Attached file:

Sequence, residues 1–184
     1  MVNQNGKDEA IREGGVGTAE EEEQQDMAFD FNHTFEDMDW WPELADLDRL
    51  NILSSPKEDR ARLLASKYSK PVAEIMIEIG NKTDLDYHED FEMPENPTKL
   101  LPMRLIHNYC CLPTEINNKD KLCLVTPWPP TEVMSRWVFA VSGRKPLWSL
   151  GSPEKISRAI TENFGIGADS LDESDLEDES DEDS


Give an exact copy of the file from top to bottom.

Sequence, residues 1–184
     1  MVNQNGKDEA IREGGVGTAE EEEQQDMAFD FNHTFEDMDW WPELADLDRL
    51  NILSSPKEDR ARLLASKYSK PVAEIMIEIG NKTDLDYHED FEMPENPTKL
   101  LPMRLIHNYC CLPTEINNKD KLCLVTPWPP TEVMSRWVFA VSGRKPLWSL
   151  GSPEKISRAI TENFGIGADS LDESDLEDES DEDS